The Eric Andre Show season 4, Hulu

Four seasons in, comedian Eric Andre is still taking a sledgehammer to boring talk show conventions — and sometimes to his literal set. Hannibal Buress is still in the mix as Andre’s borderline catatonic co-host, and this latest season boasts not only the series’ highest production values to date but also its biggest guests. Jack Black, Stacey Dash, Jack McBrayer, Jesse Williams, and T.I. all endure Andre’s absurd antics, and the results are equal parts cringeworthy and hilarious. As Andre’s star continues to rise, it’s hard to picture celebrities agreeing to participate in his show for much longer, so savor the unmitigated shock value while you can. —Grant Rindner

Premiering July 6

Julieta, Starz

Spanish director Pedro Almodóvar, known for his florid, wildly imaginative tales that bend gender, sexuality, and human nature as far as they can, offered something slightly smaller-scale with this 2016 adaptation of short stories by Canadian Nobel winner Alice Munro. Following the titular Julieta over decades, the movie examines her relationships with her husband, daughter, and others as they slowly fray and reknit themselves, over and over again. The ending is beautifully moving. —TV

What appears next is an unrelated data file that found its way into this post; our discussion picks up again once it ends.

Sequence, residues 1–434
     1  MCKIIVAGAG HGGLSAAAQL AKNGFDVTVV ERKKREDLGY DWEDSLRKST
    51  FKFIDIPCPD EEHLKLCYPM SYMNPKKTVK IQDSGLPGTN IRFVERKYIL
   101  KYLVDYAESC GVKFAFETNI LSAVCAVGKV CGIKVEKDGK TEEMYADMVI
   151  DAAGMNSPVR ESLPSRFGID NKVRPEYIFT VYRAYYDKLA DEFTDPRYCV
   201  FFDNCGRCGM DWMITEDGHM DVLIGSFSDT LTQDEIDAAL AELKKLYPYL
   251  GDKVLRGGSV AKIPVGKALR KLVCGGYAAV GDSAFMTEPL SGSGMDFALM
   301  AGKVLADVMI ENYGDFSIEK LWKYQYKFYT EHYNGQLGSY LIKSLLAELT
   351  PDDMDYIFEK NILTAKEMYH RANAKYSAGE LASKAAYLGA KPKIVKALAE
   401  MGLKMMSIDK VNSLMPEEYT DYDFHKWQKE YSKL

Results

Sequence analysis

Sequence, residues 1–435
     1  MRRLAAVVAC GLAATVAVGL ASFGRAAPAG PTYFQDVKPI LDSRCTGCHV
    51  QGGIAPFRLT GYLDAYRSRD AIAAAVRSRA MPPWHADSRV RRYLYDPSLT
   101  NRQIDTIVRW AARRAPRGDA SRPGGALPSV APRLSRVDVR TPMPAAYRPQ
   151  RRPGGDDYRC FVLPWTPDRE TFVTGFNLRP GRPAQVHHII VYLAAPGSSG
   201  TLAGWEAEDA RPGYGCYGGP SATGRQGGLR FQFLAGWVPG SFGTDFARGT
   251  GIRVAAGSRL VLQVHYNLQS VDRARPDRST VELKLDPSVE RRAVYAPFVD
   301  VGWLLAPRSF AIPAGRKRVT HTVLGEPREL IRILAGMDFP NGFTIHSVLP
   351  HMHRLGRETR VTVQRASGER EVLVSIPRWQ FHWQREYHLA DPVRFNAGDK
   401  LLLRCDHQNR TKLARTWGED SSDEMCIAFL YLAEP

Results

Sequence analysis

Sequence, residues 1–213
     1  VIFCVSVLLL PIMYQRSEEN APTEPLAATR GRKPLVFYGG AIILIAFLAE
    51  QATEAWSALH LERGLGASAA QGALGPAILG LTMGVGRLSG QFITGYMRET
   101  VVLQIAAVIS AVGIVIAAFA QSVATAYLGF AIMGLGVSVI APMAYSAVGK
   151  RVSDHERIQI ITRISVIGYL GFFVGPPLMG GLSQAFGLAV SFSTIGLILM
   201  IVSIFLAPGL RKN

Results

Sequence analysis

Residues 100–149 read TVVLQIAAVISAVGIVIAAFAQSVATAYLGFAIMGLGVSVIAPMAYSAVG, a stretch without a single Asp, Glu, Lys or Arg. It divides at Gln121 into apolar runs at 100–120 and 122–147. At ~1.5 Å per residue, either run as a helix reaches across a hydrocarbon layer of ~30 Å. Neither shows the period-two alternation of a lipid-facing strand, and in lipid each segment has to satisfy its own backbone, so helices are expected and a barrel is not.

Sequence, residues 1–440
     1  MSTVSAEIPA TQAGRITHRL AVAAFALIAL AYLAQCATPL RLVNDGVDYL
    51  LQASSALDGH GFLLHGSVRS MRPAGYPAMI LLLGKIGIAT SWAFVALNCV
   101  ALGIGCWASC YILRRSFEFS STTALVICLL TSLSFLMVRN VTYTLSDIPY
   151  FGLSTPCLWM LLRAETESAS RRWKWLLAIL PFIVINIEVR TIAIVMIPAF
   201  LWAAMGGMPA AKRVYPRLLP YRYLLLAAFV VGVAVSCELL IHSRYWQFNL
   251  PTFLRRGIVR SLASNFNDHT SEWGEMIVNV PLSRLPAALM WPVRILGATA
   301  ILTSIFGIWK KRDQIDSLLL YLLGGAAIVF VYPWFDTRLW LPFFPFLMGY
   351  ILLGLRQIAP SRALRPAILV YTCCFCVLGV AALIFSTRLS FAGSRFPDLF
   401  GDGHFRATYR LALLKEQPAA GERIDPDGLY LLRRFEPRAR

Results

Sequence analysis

The Salesman, Amazon

Iranian director Asghar Farhadi became the first director since Ingmar Bergman to direct two films to win the Oscar for Best Foreign Language Film with this muted 2016 saga of a married couple whose quiet lives are broken open by a sexual assault on the wife, committed in her own apartment. Though not to the level of Farhadi’s greatest masterpieces (notably 2011’s A Separation), it’s a thought-provoking film with staggering performances. —TV

Premiering July 7

Castlevania, Netflix

Based on the popular 8-bit video game that roughly 85 percent of players never managed to beat, Netflix’s animated adaptation Castlevania is the classic man-versus-Dracula story, where the last surviving member of the disgraced Belmont clan goes up against Vlad Dracula Tepe (Vlad the Impaler) to save Eastern Europe from a vampire uprising. Our protagonist and his trusty whip (a staple in the video game series) are the last thing standing between Dracula and total extinction. For humanity’s sake, let’s hope it turns out a lot better than when I played the game as a kid. —Alex Abad-Santos

Premiering July 8

Passengers, Starz

What if we told you there’s a movie that’s basically Titanic in space and puts a new spin on the idea of love making you do crazy things? But instead of ditching your rich fiancé in the name of love, this movie is more about love moving you to damn your soul mate to a life spent on a spaceship that will never reach its final destination? And instead of Leonardo DiCaprio and Kate Winslet, hunky-dorky Chris Pratt and American sweetheart Jennifer Lawrence are the star-crossed lovers and Michael Sheen is a weird android bartender? If that sounds great to you, look no further than Passengers, a film that somehow becomes both more inconsequential and more terrifying the longer you think about it. —AAS